Tuesday, January 27, 2009

This year, “Don’t Open Till Christmas” will seem more poignant than ever

I wrote here about the film Don't (or strictly speaking Dont) Open Till Christmas.
By any objective measure it's a terrible film, as I think I made clear.
I also love it, as I think I also made clear.
I watch it at least once a year, and always around Christmas time. No other film quite captures its sense of what a nineteen-eighties Christmas looked and felt like, in a London conveyed as thrillingly and acutely as that of American Werewolf, and though it is both inept and at points disgusting, it is also naive, benign and without a genuinely cruel bone in its body. Its outrages are silly, like a child's, its pretence of knowingness hides a deep well of boyish innocence.
It also starred and was for the most part (for some reason I am still not certain of) directed by Edmund Purdom, who died this week.
Purdom was one of those interesting actors who started as matinee idols and then fell away, and chose exploitation over oblivion. (Another was Cameron Mitchell.) He started in Julius Caesar and The Student Prince and The Egyptian. He's also in one of my favourite British movies, The Beauty Jungle with Janette Scott. Purdom has a fine screen presence, and he really does bring something of value to his later films, not least Christmas, in which he is plainly a professional of a quite different sort to everyone else involved. Remember also Frankenstein's Castle of Freaks, and I think you'll see again that he really does help lift the film from sheer flotsam into something you are frequently able to pretend is a proper movie. Of course, it's always possible that you've not seen Frankenstein's Castle of Freaks, in which case let us part here while you hurry to E-Bay, put matters right, and come back later. Then there's Horror Safari (with another lost soul, Stuart Whitman) and the chainsaw favourite Pieces if you find you've got the taste.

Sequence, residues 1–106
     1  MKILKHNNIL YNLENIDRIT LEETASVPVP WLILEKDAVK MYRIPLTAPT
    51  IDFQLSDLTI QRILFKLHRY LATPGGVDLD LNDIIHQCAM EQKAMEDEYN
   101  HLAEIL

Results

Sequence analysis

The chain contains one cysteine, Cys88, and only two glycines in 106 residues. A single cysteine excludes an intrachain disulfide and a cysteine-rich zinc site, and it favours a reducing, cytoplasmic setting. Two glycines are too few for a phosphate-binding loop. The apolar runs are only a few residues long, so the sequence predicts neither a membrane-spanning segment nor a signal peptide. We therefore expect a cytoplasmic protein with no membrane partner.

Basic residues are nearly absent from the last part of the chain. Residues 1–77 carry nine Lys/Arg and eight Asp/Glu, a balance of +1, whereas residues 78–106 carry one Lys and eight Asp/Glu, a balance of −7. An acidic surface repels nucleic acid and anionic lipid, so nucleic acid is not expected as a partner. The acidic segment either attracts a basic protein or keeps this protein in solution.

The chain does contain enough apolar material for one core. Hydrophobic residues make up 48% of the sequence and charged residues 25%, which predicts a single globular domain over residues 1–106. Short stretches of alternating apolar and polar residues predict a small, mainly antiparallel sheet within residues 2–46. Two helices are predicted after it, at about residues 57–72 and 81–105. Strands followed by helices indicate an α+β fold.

In later years he did voice work in cartoons, and dubbing, along with a few bits of television, in Italy, where he lived. He even played Dracula in an Italian comedy movie.
Purdom suffering for his art in Joe D'Amato's Ator the Invincible
As always, it's only when people die that you realise how much more there was to them than you thought. That Purdom, with a different throw of the dice, could have been as accomplished and acclaimed a serious actor as anyone is obvious (painfully so if you happen to be watching Dont Open Till Christmas): he's got the delivery, the presence, the brooding looks and the rich brown voice of Burton.
But did you know this? (I certainly didn't.)
Denis Vaughan writes ('Lives remembered', Times, January 26th): Edmund Purdom was extremely gifted and forward-looking in the field of recording orchestral music. He was among the very first to use a multi-track system, and his own six-track machine was perfected with the help of Decca technicians.
He financed and recorded my complete Schubert symphonies, followed by 12 Haydn and 15 Mozart symphonies, the Mozart opera Il Re Pastore, Schubert’s Rosamunde and Die Zauberharfe, and some popular Bach and Mozart discs. His flexible equipment and cleanly accurate recording enabled me to balance all these works myself, while he then edited the tapes together. The results were all released internationally by RCA Victor Records. The recordings were all made over eight years in Naples in the splendid Sala d’Ercole of the Palazzo Reale, where Haydn himself performed.